By Ed Huyck
By Melissa Wray
By Patrick Strait
By Jonathan McJunkin
By B Fresh Photography
By Ryan Siverson
By Kendra Sundvall
By Ed Huyck
On Friday, December 1, while most Americans were riveted by the arguments before the U.S. Supreme Court concerning the protracted presidential election, Bill Lorence and his 11-year-old son Chad were headed from their home in Maple Grove to the federal courthouse in downtown Minneapolis. Both Lorences are former customers of U.S. Bank who had their names and personal and financial information sold to telemarketing firms. As members of a class-action suit against U.S. Bancorp, the bank's parent company, they wanted to be at the courthouse by 9:00 a.m. so they could object to a proposed settlement of the suit.
In the courtroom, they joined a small crowd made up of the judge, the court clerk, several plaintiffs attorneys and a lawyer representing the bank. But with the exception of two other plaintiffs who'd shown up to protest the proposed settlement, everybody seemed ready to ink the deal and go home. "The mood was very professional and low-key, and all these guys were in agreement about the settlement. But we were there because we wanted it clear that we were not okay with it," recalls Bill Lorence. "I'm sure this will be spun as a great settlement that shows U.S. Bank is an upstanding member of the community and that this is a great payoff for class members. But the fact is, we're getting nothing out of this, and the lawyers' fees are completely out of proportion to our payments." Despite their pleas and hopes, Lorence and the other unhappy plaintiffs felt that by the time they left the courtroom, the settlement was a done deal.
In June 1999 Minnesota Attorney General Mike Hatch sued U.S. Bank claiming that the company violated customers' privacy. Thirty-six other states quickly joined the suit, which charged that the bank profited from selling customer data. It also riled five individuals with accounts at U.S. Bank who, within months, filed a suit of their own. By June of this year the second suit had morphed into a massive class action involving 12 law firms and potentially four million class members, all of them U.S. Bank customers who opened credit-card or checking accounts before July 1999. (The class includes several categories of plaintiffs, each eligible for a different level of compensation.) The suit is unusual because it requires putting a price on privacy, whereas most class actions stem from allegations of personal injury or monetary loss.
The settlement, which was indeed signed on December 11 by Federal Magistrate Judge Jonathan Lebedoff, calls for the bank to pony up around $3.5 million, with $10,000 going to the original plaintiffs, nearly $1.3 million going toward plaintiffs' lawyers fees and costs, leaving $2.2 million to be divvied up by more than 80,000 class members who have filed claims to date. "Right now, it stands as a payout of $25 per person," explains Peter Knoll, a financial analyst and lawyer from Longmont, Colorado, who is spearheading the objection campaign and a possible appeal. "People have until December 31 to file a claim. If the judge honors that deadline, there's no telling how many people we'll have."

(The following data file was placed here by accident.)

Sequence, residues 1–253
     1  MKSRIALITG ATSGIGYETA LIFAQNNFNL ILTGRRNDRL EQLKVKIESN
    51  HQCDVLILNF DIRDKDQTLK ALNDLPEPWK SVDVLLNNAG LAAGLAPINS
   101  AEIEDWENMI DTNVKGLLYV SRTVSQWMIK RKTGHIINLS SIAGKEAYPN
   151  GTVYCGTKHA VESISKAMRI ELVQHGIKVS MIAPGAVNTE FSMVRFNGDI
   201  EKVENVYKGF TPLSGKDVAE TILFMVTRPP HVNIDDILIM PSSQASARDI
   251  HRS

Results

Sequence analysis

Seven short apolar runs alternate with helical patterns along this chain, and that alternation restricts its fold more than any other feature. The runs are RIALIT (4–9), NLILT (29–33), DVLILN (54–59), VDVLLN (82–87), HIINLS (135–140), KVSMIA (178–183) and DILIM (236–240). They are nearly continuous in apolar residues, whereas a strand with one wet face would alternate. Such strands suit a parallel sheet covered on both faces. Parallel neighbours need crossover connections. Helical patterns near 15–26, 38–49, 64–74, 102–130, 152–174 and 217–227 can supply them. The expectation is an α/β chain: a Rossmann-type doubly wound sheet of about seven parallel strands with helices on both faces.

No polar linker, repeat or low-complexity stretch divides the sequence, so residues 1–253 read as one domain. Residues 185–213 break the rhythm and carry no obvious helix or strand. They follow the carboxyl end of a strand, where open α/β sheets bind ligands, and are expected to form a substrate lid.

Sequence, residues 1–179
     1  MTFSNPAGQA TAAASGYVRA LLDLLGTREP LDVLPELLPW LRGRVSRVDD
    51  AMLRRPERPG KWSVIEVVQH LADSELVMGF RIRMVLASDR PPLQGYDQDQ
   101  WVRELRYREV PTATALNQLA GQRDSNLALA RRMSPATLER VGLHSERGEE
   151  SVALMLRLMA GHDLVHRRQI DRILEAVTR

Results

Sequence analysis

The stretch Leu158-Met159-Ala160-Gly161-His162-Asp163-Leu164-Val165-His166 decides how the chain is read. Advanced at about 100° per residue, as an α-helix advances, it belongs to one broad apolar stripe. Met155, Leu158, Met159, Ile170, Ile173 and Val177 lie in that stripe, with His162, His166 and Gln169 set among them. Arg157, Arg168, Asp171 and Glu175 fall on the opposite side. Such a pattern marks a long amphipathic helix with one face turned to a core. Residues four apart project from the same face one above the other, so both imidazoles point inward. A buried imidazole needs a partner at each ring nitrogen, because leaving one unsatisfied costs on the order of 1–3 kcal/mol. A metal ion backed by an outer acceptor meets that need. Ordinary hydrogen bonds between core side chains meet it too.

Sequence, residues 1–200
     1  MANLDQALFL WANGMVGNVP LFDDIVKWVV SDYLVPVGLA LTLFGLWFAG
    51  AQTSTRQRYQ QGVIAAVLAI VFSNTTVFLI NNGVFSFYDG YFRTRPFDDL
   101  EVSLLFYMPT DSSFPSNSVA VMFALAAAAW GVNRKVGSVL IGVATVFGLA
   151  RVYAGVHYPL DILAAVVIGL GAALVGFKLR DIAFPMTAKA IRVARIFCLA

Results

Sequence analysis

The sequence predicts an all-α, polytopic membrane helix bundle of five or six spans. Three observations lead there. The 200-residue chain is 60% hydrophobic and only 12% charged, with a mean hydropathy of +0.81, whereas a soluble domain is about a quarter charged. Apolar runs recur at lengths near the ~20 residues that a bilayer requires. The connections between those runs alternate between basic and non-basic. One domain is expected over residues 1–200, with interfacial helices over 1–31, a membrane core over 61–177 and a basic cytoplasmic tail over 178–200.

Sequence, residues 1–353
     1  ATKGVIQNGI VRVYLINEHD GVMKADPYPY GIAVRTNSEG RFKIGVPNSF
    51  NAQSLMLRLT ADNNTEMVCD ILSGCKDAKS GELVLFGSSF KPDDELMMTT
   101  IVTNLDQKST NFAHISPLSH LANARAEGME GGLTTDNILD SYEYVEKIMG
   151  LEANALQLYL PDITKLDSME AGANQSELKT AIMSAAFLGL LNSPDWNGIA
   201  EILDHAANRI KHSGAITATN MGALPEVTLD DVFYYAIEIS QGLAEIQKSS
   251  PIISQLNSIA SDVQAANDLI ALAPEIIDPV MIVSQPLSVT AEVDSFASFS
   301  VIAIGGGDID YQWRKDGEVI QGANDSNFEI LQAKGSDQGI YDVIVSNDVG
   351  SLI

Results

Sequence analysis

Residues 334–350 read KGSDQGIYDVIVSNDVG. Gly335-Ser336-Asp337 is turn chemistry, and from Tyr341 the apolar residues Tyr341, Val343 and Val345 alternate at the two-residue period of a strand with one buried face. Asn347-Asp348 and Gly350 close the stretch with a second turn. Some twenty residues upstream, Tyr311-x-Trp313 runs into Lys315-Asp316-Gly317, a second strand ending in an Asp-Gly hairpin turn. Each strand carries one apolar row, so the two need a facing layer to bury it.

Knoll is especially concerned about a stipulation in the settlement that frees U.S. Bank from writing out claim checks of less than $10. If there are eventually enough plaintiffs to reduce each award to that amount, the bank would have the option of donating some of the award money to the University of Minnesota Law School or other "human services agencies" instead.
In addition to the four formal oral objections in the courthouse that day--including one each from Lorence and his son--the settlement has also drawn complaints from some 70 current and former bank customers around the country. Now that the settlement has been approved, those complaints may fall on deaf ears, although a retired judge still has to review some of them and Knoll is mounting an appeal. Attorneys for the bank--and even some for the plaintiffs--say the low payout scheme is justified since no one was actually injured by the bank's actions.
In addition, the lawyers representing the individual class members believe their fees are fair and reasonable because of, as one brief puts it, "the difficulties posed by class-action litigation in general and the particular difficulties posed by the novelty of consumer privacy." The brief goes on to point out that the "counsel had to educate themselves in the particulars of both the banking industry and the practices of telemarketers."
Sitting in a Perkins in Golden Valley two weeks after the hearing, Bill Lorence looks every bit the straight-arrow, middle-class family man in a faded red button-down shirt, blue jeans, and a neat crop of strawberry-blond hair. A 37-year-old Mora native, he attended St. Cloud State University and has worked in the accounting department of Target for 17 years. His involvement with U.S. Bank began in 1992, when he took out a second mortgage on his house. Eventually, he had more than eight accounts, including a credit card, a checking account, and a savings account with the bank, which was then known as First Bank System. Soon his wife and two children also had accounts set up in their names.
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